In Defence of Civil Liberties in Spain and Europe Freedom without Charge for the Puppeteers
Europe is moving towards a self-inflicted decline. The same continent that emerged from the Great War as the guarantor of freedoms and civil rights is now sinking into the naturalisation of barbarism and the adoption of increasingly authoritarian forms of government. In the face of the most severe crisis in its recent history, Europe has chosen the worst possible path, embarking on policies that we had thought to be eradicated.
In economic terms, Austerity has not led to the promised recovery of growth. Rather, it seems that we will have to go through a long period of stagnation, rise in inequality and the concentration of wealth. On the contrary, and to the growing unrest of citizens, many EU countries have openly opted for repressive policies. This can be seen in the reduction of institutional tolerance for protest, in the recurrent construction of the figure of the “enemy” and the centrality of the “war on terror” as a substitute for the legitimate principle of the right to security. Evidence for this trend is also the cruel indifference, if not the outright criminalization, with which European States treat African and Middle Eastern people who are fleeing conflicts in which the Union appears to have no small responsibility.
Even France, which once upon a time was a formidable space for the conquest of freedoms and fundamental rights, has become the laboratory for a new model aimed at limiting civil liberties. Faced with the advance of the internal extreme right and the attacks orchestrated by radical Islam, the social democratic government has attached itself
to the train leading towards securitarian governance and the State of emergency. The same has happened in Belgium. Examples of even more radical governments (for the worst) are found in Eastern European countries like Poland.
Spain has not been left out of this sinister trend towards the restriction of rights and freedoms. Although civil liberties were perhaps the most recognized and developed part in the second chapter of our Constitution, successive changes of the Penal Code and the political use of the judiciary system have produced an increasingly restrictive interpretation of fundamental freedoms. We have seen this over the last days with the need to testify before the High Court and the preventive detention measures applied to two puppeteers simply for interpreting a work of fiction on the street (these have been accused of making an apology for terrorism for a satirical work in which a policeman fashions a placard that says “long live Alka-ETA” in order to criminalise a social activist). Also, recently, we have witnessed the trial of “the Airbus 8”, a political case against the democratic right to strike in which almost 300 people have been indicted for making use of this right.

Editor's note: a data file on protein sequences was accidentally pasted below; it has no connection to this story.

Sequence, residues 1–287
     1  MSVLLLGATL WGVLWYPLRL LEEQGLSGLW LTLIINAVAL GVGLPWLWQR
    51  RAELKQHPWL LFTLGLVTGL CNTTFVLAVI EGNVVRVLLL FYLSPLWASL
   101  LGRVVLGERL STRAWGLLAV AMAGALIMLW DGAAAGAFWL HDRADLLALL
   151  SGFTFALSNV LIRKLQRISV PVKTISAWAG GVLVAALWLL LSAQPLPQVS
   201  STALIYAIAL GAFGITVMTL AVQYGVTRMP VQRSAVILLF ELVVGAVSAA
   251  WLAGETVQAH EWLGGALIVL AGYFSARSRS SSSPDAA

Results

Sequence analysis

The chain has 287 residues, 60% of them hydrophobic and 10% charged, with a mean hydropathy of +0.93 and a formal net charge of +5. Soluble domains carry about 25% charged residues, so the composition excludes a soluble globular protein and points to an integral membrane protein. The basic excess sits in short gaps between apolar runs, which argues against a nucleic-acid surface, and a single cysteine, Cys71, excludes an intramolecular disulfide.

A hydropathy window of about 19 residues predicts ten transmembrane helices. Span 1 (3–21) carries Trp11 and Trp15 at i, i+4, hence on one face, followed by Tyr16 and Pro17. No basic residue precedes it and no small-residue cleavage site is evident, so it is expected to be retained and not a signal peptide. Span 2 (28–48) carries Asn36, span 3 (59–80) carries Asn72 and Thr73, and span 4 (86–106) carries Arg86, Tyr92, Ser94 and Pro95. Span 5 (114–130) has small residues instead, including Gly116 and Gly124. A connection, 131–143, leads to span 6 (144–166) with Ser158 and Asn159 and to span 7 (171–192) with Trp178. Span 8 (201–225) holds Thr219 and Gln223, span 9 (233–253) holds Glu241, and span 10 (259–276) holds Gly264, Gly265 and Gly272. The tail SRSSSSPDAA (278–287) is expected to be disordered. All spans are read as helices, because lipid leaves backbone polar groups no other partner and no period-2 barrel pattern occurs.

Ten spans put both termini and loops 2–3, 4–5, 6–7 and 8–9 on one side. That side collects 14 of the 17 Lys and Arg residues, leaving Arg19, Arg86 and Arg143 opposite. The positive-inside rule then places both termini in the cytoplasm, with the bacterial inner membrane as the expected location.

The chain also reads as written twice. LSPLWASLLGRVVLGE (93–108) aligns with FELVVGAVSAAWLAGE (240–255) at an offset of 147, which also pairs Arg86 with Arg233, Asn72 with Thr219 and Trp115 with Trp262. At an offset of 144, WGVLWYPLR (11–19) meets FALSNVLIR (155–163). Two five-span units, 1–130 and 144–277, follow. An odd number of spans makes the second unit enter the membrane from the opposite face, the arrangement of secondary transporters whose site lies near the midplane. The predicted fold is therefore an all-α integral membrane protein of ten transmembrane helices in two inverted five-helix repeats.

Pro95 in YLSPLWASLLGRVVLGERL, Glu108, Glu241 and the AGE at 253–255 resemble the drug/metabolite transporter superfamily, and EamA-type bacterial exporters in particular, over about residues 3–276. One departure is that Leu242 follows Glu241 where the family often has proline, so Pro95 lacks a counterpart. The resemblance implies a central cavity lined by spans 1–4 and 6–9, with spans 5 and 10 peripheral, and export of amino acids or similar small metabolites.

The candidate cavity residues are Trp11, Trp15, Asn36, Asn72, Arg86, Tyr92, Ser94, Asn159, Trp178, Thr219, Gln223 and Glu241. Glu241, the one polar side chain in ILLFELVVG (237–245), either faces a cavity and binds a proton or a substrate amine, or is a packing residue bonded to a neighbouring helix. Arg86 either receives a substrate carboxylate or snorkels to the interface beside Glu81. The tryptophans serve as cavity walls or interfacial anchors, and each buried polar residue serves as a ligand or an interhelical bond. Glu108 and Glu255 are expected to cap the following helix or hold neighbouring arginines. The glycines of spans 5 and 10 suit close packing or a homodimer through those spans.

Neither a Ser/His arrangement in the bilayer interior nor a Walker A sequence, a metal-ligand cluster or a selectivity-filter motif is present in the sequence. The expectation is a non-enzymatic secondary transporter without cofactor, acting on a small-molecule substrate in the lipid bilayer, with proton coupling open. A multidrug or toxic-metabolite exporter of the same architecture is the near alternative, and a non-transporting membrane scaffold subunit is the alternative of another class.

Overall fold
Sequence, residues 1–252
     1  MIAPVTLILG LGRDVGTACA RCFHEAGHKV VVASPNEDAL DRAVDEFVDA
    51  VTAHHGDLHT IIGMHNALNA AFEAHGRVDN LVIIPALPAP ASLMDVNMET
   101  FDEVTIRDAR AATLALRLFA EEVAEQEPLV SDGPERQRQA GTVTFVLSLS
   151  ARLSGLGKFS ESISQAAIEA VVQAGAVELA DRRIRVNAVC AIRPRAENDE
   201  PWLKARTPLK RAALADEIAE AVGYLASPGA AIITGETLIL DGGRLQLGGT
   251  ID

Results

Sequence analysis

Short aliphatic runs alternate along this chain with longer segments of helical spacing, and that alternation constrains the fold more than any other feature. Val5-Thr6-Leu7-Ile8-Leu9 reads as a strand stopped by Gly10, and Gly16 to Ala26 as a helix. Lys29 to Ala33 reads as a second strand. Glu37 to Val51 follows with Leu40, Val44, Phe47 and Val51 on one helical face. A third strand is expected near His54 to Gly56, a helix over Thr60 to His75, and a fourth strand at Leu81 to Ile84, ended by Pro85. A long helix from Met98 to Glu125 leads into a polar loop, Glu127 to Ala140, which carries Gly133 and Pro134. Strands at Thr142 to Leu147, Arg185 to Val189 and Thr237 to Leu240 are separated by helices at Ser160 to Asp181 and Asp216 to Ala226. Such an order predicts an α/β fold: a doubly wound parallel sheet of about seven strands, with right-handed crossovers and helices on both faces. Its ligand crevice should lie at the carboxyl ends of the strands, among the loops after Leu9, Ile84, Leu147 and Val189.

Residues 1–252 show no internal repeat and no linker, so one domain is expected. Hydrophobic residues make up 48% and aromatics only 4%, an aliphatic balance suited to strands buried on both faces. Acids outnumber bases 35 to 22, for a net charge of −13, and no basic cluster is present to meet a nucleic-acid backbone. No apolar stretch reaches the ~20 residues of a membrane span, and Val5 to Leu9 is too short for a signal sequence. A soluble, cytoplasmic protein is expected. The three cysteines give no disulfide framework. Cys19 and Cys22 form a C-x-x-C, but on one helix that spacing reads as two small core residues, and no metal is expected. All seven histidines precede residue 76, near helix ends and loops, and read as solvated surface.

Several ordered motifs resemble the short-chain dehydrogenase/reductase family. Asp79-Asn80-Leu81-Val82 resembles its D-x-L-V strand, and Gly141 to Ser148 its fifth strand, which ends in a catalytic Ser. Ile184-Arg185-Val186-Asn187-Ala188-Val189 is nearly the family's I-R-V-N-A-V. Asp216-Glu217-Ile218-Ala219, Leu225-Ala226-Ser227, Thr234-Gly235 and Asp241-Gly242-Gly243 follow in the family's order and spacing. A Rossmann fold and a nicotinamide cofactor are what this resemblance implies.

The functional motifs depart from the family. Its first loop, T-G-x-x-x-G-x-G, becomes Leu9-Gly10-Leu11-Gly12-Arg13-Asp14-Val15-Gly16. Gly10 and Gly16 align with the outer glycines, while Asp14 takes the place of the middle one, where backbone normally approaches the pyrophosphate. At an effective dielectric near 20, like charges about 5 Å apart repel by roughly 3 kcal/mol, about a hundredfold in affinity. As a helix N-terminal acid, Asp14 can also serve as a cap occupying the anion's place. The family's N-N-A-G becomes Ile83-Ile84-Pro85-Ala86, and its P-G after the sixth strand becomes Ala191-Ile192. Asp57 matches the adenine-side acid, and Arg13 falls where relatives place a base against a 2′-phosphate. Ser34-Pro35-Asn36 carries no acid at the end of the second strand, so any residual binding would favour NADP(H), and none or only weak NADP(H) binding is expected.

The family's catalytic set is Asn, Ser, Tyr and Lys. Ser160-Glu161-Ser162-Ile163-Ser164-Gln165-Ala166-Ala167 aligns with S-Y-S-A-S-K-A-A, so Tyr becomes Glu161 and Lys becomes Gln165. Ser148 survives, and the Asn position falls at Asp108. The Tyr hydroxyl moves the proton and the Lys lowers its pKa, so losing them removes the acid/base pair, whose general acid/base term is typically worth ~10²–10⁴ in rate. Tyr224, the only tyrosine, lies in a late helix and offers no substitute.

These are just two cases illustrative of a repressive move, in addition to other changes in the legislation, such as the recent Public Safety Act, also called “Gag Law,” which allows “preventive searches,” the shielding of the police’s authority against the word of the accused and the administration of fines without clear charges, allowing arbitrariness and discretion. This is the latest in a long series of restrictive amendments to the penal code and increasing subordination of the judiciary to a political system, which makes it so that it increasingly neglects its role as guarantor of the social and human rights.
Aware of the fact that without civil rights there is not even the slightest foundation for democracy, and concerned about the rapid regression toward authoritarianism in many countries of the Union, we the undersigned demand our political representatives in Europe that they work for the recognition and expansion of a European right to asylum and the establishment of a charter at the continental level in order to safeguard fundamental freedoms and civil rights.
In the same vein, with regard to the Spanish legislation and institutional architecture more specifically, we also demand:
The effective inviolability of the rights of freedom of speech, expression, association and assembly. This implies the repeal of the “Gag Law” as well as all forms of bureaucratic repression for facts that do not constitute clear punishable behaviours.
The full guarantee of the right to strike, which would necessitate the repeal of section 315.3 of the Penal Code recognised as “crime of coercion to strike” that has been used to undermine labour actions.
The effective independence of the judiciary from all political and economic interests and the full guarantee of the right to justice. To support this independence, we may want to reform, or altogether eliminate, the High Court which is acting as an Exceptional court. Similarly, we demand full equality in the access to justice and the eradication of any system of payments or fees as precondition for access.
Source : Por las libertades civiles